Listening to LCD Soundsystem’s “Dance Yrself Clean” again, I remember how startled I was at first by the vocals. There seems to be a lot of space between James Murphy’s mouth and the microphone. He is still singing, and it is still the melody, but if most pop vocals are 95% voice and 5% room, Murphy’s here feel about half and half. In major label releases, it is unusual to “hear the room” like this. Not in any pronounced or post-processed heavy reverb sort of way either, but to hear the silence around Murphy’s voice, the room itself. The performance feels more intimate all the sudden — voyeuristic even, to know that at one point in time, Murphy was in some room, singing these words. Musically, the effect is such that Murphy can now “get away” with such a sing-song melody as the one he has written here. The melody might have seemed too saccharine otherwise, or just not interesting enough, had he not drawn subtle attention to the fact of its being recorded.
My guess is that most recording artists have or at least feel this concern: negotiating, down to the sound of the floor tom, how much he or she wants the listener to be aware that Recorded Product X was, in fact, recorded. Sometimes it’s just a fleeting thing, a simple gag. An easy example is studio banter before or after a song, as in Pixies’ Surfer Rosa (“you fucking die!”) or any number of Spoon tracks. Another is Derek Miller of Sleigh Bells’ decision to brickwall-limit instrumentals on Treats. When the mix pinches in “Tell ‘Em,” the effect to my ears is that the recording can barely contain the song it supposedly represents.
When we listen to professional recordings, we are engaged in a suspension of disbelief that What We Are Listening To equals What It Actually Sounds Like. This is the fabric of the rug that’s pulled out from under us when, for instance, Just Blaze turns down the volume of the instrumental on the Game‘s “Church For Thugs” — a quick joke on normalization that I wonder might have kept the great “Church” from being on the radio.
A few weeks ago, a formerly Brooklyn-based lo-fi r&b artist called How To Dress Well released an album that, if this is possible, we might say is aware of its own recorded-ness. The album is called Love Remains. Tom Krell, who as best I can tell is a one-man band here, has a stunning falsetto, and a knack for affecting r&b melodies and unlikely cadences. Stuff you could easily hear on the radio. His songs tend to groove in one way or another. But his productions are aggressive, at times physically uncomfortable to listen to.
When his voice soars along in “You Won’t Need Me Where I’m Going,” it is accompanied by a fierce distortion caused from the vocal track clipping. Another song called “My Body” plays with the trope of call and response; we expect the response to come as an echo, an afterthought, of the call, but Krell’s are significantly louder, more distorted, and closer to the ear, as if the echoes are moving in like homing missiles. In “Suicide Dream 2,” the reverb trails of the vocals stick around for fifteen, twenty seconds, swirling in an imaginary, cathedral-like space. The melody is fleeting, immediately lost in reverb.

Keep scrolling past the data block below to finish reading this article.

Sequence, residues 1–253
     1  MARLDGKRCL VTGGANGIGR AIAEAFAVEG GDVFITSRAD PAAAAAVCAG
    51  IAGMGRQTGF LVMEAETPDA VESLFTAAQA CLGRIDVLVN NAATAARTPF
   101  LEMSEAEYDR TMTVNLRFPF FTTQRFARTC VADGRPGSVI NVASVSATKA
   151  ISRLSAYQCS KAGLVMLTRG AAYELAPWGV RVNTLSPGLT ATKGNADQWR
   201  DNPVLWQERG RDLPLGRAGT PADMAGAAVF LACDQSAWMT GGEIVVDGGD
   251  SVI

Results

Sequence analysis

But that voice. It isn’t like Krell is hiding behind effects here, which is a legitimate suspicion in other instances of lo-fi. I was curious to find out how deliberate these decisions were, whether this was just a function of Krell’s studio naivete or if there was some kind of argument being advanced.
“A lot of it is straightforward and intentional. A lot of it is what believers in the importance of technical mastery would call wrong notes, or mistakes, or whatever,” Krell explained to me over the phone Monday. “I started really getting into the phenomenon of recording something and having the actual song wink towards its outside, or hint outside itself to the melody, which it seems to be indicating but never gives you in full. That frustration, that experience of the limit of recording is what I’m interested in.”
Raw, unmixed sound is ugly stuff — uglier than many people might suspect. Not just vocal tracks, pre-pitch correction, pre-processing, et cetera. The close-miked sound of a piece of wood hitting a piece of thin plastic — the sound of a snare drum — is ugly. An electric guitar creates an entire spectrum of frequencies, many of which have to be scooped out otherwise said electric guitar track won’t sound like an “electric guitar,” just a “bad electric guitar.” You could argue that commercial pop music is an ongoing Matrix-like attempt, with occasional “glitches,” to keep that ugliness at bay. The way the volume is usually the same throughout, for instance, even though we know that performances are usually more dynamic. The way the instruments stay out of each other’s way, even though we know sound is more textured, messier, more congealed. The way a vocalist sings clearly, directly into our ears, when we know, or knew in theory, that this is a sleight of hand.
“What [hi-fi recording] tries to do at all costs,” Krell put it, “is efface the act of playing and recording the production within itself. It tries to present itself as a finished product, a product without process.” His own efforts as How To Dress Well are, in contrast, an effort to create situations where, in the recording, there’s “an openness to sound. To the idea that sound is taking place,” Krell said, “And how special that is.”
Easy in the abstract. But it’s a process: To de-program decades of What Music Sounds Like, to un-learn the Western distinction between What Is Beautiful and What Is Noise. To get to the place where Krell’s production choices don’t strike some as mistakes and painful mishandlings, or even as deconstructions. Changes on this scale can only happen gradually, which is to say it might take a number of smaller, careful doses a la the vocals in “Dance Yrself Clean” before casual ears are more amenable. So give it just a little more time…